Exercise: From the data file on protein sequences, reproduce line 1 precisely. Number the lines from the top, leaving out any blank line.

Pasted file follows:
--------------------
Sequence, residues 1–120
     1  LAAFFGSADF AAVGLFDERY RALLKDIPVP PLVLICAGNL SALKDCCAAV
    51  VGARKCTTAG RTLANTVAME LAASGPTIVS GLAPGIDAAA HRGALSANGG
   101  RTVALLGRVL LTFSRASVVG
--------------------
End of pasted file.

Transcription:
Sequence, residues 1–120